16 April, 2017
Neil Gorsuch was confirmed to a lifetime appointment to the Supreme Court on Friday, wrapping up a contentious 14-month battle that fundamentally altered how future justices will be seated on the nation's highest court. McConnell, R-Ky., immediately responded, as expected, by leading his Republicans in a unilateral rules change to lower the vote threshold for Supreme Court nominees from 60 to a simple majority in the 100-member Senate.
More broadly, Democrats remain furious that Republicans under McConnell's leadership blocked consideration of former President Barack Obama's nominee Merrick Garland, in turn allowing Trump to nominate Gorsuch.
Gorsuch will be sworn in Monday and will quickly begin confronting cases of effect, including one involving separation of church and state that the justices will take up in less than two weeks.
Justices take two oaths, one required by the Constitution and the other set by federal law. Justice Anthony M. Kennedy will administer the judicial oath at a public ceremony at the White House later that day. With many current SCOTUS members very high in years, and the recent passing of Justice Scalia (who Gorsuch will now replace having finally been confirmed), the inevitable shift in the current seated justices (and subsequently, the direction the court may go from there) has been signaling off for a little while, now.
Senators from both parties have warned that the move will have profound consequences for the Supreme Court, predicting that more ideologically extreme judges on the right and left will be nominated to the court if only a majority is needed for confirmation. In the end, the campaign on Gorsuch's behalf helped to unite Republicans but wooed less than a handful of Democrats to his side, leaving McConnell to deploy the nuclear option.
"Alexander Hamilton said in Federalist No. 78 that the court has 'neither force nor will, but merely judgment.' I think that is what we should be looking for in a nominee to any court, but especially the Supreme Court", said Sen.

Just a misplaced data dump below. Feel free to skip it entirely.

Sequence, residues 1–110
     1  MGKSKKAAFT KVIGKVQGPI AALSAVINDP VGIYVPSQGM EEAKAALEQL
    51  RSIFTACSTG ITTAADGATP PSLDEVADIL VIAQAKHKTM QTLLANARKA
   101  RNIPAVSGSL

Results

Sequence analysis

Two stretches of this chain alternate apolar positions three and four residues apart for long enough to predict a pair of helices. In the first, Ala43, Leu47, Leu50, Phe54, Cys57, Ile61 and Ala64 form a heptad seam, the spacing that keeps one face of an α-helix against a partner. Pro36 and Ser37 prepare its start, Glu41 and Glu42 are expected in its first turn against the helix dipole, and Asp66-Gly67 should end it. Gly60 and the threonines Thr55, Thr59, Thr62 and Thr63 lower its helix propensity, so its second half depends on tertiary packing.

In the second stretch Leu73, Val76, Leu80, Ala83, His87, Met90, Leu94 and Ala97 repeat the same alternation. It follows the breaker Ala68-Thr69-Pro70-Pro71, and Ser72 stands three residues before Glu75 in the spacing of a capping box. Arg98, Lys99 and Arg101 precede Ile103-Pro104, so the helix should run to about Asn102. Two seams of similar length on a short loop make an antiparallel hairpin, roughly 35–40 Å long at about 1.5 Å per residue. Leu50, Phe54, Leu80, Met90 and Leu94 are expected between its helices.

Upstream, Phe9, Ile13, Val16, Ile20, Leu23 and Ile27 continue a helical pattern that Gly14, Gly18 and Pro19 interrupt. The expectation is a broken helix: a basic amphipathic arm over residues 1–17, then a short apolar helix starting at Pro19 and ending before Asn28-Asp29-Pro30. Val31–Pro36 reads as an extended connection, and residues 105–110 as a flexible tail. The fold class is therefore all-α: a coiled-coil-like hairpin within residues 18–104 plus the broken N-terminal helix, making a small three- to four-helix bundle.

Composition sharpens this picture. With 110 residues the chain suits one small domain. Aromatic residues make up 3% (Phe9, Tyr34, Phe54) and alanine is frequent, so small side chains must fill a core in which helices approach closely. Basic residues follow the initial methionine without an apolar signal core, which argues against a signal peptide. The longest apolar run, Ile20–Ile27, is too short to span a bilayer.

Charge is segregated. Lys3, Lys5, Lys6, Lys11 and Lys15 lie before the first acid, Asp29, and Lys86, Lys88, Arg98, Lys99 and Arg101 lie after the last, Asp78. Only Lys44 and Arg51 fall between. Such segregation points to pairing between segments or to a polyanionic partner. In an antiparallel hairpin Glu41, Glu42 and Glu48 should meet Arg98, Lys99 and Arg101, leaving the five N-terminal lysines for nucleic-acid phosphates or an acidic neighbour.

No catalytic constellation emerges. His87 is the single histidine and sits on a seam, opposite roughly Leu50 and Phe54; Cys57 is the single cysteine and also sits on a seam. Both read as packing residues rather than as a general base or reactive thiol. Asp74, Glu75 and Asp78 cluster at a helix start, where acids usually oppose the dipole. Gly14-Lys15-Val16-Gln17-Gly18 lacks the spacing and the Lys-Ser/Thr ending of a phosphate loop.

The Senate confirmed Gorsuch with a 54-45 vote.
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Senate Minority Leader Chuck Schumer, D-New York, had attempted to delay the effort to change the rules until after the two-week congressional recess, but failed to secure enough votes to proceed that way.
Gorsuch's first official act would be to participate in the justices' private April 13 conference to consider new cases to hear.
"Judge Gorsuch is a highly qualified, mainstream judge who will apply the law as written, rather than alter the law to achieve the outcome he desires".
The new justice is also a conservative who adheres to numerous same positions that Scalia did. Senate Republicans' refusal to consider Garland - chief judge of the U.S. Court of Appeals for the District of Columbia Circuit, a traditional steppingstone to the Supreme Court - colored Democrats' reception to Gorsuch since his nomination January 31.
The signatures of 28 Republicans, 32 Democrats and one independent is evidence that a broad mix of senators will back the filibuster for legislation.
Thursday's vote means that from now on, all nominations, including those to the Supreme Court, can be quickly approved by a majority vote in the Senate. "It will make the cooling saucer of the Senate considerably hotter, and I believe it will make the Supreme Court a more partisan place". And in many ways the showdown had been pre-ordained, the final chapter in years of partisan warfare over judicial nominees.